She Found A Pair Of Glasses At A Train Station, But She Didn't Expect THIS

"Happy Glasses" is a beautiful short film.

Siena Filippi is a 17-year-old filmmaker whose short film, "Happy Glasses" was posted to her YouTube channel just yesterday as part of a portfolio she's using as part of her journey through the college admissions process.


"Happy Glasses" was written, directed, shot and beautifully edited by the talented Ms. Filippi.

That's quite a feat for anyone and is truly a testament to the dedication to the craft that this young filmmaker must possess. 

Although there's not a word of dialogue — which all too often becomes a burden in films under four minutes — "Happy Glasses" succeeds in creating two contrasting moods balanced with the uncertainty and tension as the main character — a young girl of unhappy circumstances in a train station going to visit her grandmother — wrestles with the ethical dilemma of whether or not she should turn in the glasses that suddenly change the way she sees everything ... or keep them.

As our audience knows, we love discovering and posting work by aspiring filmmakers and we're happy to present "Happy Glasses" to you here. Enjoy.

In the film's description, Siena writes that "Happy Glasses" was adapted from this story:

"I buried my nose into my brown scarf and gazed down at my feet to escape the bitter cold air that froze my skin solid. While staring at my shoes, I noticed scrapes and scuffs covered the leather. I felt like my shoes; falling apart, battered and bruised. I began to feel the ground rumble and the wooden boards of the bench I was sitting on vibrate. I brushed my long, brown hair out of my face, to see the train emerging from the tunnel. 'NYC Train' it read in brown letters. Again, not my train. I huffed out the air that roamed in my lungs and slouched over more. Massive crowds of people flowed back and forth. It was so thick, that if you tried to squeeze in you'd be picked up in their current. That's why I'm sitting on this bench, by myself. I can be anywhere and feel alone. There could be three thousand people in this station, but it would feel like it was just me. No companion, no guide — just me. Sometimes I think of it like an ocean. There's a sea of people who are all a mystery to me, and they barely even notice I'm there. I wondered to myself if one day I'd able to see the world differently. A man began to approach in my direction, his eyes focused on the train in the distance. A bookbag of overflowing papers hung off his shoulder, and in the back pocket of the bag, a pair of glasses just barely held on. Suddenly, the train doors began to shut and the man picked up speed, pushing his way through the crowd. The boxy looking glasses slipped out of the pocket and dropped to the ground. I quickly snatched the glasses, and I elevated myself onto the balls of my feet, scanning the crowd for the man in the blazer. He had separated from the crowd, and was trying to enter the train and I darted his way.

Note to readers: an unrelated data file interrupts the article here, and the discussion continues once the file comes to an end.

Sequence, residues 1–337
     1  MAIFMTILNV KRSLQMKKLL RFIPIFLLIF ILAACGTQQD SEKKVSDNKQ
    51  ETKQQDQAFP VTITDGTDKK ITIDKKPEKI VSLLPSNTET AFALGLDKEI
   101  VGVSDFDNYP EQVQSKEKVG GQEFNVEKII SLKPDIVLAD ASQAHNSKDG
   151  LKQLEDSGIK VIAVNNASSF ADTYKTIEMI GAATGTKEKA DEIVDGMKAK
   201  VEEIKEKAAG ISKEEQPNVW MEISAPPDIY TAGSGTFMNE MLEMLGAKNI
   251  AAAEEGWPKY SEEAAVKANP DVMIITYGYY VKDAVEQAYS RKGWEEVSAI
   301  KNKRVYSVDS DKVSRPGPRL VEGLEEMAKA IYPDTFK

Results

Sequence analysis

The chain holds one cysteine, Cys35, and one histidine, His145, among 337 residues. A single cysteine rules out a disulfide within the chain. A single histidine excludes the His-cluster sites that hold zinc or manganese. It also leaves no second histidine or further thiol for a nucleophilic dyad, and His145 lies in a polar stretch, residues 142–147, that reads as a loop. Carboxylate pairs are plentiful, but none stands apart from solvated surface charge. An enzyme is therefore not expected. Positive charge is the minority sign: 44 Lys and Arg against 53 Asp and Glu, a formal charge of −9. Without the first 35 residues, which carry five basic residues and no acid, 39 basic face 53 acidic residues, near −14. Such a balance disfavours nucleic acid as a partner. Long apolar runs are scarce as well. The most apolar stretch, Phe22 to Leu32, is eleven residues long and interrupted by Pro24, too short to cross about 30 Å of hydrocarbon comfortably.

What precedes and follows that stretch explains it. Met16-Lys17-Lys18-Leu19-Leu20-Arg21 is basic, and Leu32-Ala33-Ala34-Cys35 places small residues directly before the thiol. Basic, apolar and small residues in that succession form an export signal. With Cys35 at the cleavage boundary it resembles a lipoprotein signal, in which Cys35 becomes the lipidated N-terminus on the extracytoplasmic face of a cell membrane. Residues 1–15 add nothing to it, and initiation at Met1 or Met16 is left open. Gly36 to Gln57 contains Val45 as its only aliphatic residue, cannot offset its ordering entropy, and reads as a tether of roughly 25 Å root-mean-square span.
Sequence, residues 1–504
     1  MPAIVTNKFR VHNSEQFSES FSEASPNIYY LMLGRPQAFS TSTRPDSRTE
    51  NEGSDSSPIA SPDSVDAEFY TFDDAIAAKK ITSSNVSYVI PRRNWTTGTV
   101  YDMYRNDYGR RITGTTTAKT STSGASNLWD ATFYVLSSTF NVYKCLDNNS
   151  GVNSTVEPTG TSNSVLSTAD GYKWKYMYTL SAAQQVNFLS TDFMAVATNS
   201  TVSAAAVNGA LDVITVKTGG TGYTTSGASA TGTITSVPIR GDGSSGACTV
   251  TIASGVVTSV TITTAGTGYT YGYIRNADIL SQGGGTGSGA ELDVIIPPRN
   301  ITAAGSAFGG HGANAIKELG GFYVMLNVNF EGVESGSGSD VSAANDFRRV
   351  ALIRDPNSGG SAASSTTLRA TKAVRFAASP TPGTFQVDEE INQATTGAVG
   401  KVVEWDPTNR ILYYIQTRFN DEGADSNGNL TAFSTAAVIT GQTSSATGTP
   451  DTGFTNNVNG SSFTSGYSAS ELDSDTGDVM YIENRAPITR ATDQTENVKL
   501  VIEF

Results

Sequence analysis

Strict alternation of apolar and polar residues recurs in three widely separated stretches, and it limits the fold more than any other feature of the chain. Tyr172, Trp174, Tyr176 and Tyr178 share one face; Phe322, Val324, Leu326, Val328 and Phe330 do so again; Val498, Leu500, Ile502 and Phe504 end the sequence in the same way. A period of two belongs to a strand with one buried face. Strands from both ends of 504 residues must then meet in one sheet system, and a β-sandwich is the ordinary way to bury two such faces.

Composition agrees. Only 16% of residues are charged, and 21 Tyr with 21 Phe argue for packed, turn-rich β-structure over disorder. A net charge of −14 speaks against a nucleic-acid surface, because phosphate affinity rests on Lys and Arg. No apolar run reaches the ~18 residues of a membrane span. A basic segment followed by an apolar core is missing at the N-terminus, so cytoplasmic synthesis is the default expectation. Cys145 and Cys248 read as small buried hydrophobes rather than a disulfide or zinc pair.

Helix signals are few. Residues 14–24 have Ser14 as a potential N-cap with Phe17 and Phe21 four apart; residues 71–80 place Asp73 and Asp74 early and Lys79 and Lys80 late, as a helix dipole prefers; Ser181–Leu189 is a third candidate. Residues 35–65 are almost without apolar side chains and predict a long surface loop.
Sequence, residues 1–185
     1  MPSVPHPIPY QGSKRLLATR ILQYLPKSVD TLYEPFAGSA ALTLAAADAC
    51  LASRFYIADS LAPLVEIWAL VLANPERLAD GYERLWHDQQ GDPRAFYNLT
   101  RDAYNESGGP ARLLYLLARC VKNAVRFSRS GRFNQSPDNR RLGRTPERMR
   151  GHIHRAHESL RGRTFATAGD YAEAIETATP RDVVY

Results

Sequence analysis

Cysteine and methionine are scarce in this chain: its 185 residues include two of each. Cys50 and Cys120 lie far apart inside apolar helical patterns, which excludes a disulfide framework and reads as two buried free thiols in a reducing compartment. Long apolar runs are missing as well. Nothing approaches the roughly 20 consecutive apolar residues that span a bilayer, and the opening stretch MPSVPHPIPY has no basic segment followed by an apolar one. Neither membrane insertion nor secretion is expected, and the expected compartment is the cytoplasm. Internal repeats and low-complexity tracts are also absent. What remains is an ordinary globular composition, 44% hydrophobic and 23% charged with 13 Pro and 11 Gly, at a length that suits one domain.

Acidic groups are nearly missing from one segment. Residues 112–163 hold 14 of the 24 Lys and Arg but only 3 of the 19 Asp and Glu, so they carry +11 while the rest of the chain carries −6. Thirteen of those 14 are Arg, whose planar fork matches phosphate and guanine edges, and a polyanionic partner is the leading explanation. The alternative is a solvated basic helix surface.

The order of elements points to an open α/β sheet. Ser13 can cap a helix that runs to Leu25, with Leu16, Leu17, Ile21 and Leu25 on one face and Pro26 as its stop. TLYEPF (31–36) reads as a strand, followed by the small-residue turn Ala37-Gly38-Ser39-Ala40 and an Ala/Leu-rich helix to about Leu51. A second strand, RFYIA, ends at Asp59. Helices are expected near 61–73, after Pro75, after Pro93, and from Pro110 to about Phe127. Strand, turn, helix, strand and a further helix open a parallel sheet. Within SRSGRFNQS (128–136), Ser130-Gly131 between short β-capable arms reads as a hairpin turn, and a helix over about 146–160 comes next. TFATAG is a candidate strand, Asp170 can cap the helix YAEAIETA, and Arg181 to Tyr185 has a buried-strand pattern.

"SIR! SI— YOUR GLASSES!" escaped from my mouth. I didn't know I could shout that loud. He didn't even glance in my direction as he hopped onto the train. Once again, I had gone unnoticed. I clenched the glasses in my fist and made my way back to the bench to keep waiting. I fiddled with the glasses, opened them up, closed them, and wiped off the lens with my scarf. I didn't know what to do with them now. I held the glasses out in front of me and peered through the lenses. They seemed blurry at first, but as I brought them closer to my face everything became clearer. I rested the glasses on the bridge of my nose and blinked a few times to clear my view. The crimson red letters spelling out 'New York' on the train, jumped out at me and made me flinch. They glowed so vibrantly — and the people, no one was dressed in all brown anymore- I wasn't dressed in all brown anymore. My shoes were still leather, but a nice, smooth, slick, leather and my scarf was woven with baby blue threads of soft cotton. Everyone and everything looked happy. Suddenly, I felt the muscles in my face tighten, something that was happening to me that never happened before. I smiled. They were magic glasses. I hopped up out of my seat and decided to give the lady at the front desk the glasses for the lost and found. 

"Excuse me Miss, do you take things for the lost and found?" I politely asked with sudden boost of confidence. The lady looked up from her book and made eye contact with me. 'Wow', I thought, someone actually noticed me. 

"Yes dear, what do you have?" She responded. I grabbed the brim of the glasses with the pads of my fingers and slid the glasses off the bridge of my nose. I gazed back down at my scarf hanging around my neck, it was once again a dull brown, my shoes were scuffed, and that excitement that charged my heart vanished. My shoulders hunched over and I turned back to the lady at the desk.

"O-oh actually never mind" I mumbled, hiding the glasses under the desk. I waited for her response, but she was reading her book again. She didn't seem to care enough to give me the time of day, so I spun around. With my back to her, I slowly put the glasses back on. The vibrant colors seemed instantaneous. I felt a little spark in my heart that I had never felt before. I fixed my posture and strutted my way back to the bench with a shining smile."

A Google search of the text seems to indicate that the story was also written by Filippi. 

For more films by Siena Filippi, please check out her YouTube channel, Simply Siena. 

Good luck with your college applications, Siena. We hope this article helps and that you'll keep making beautiful films.


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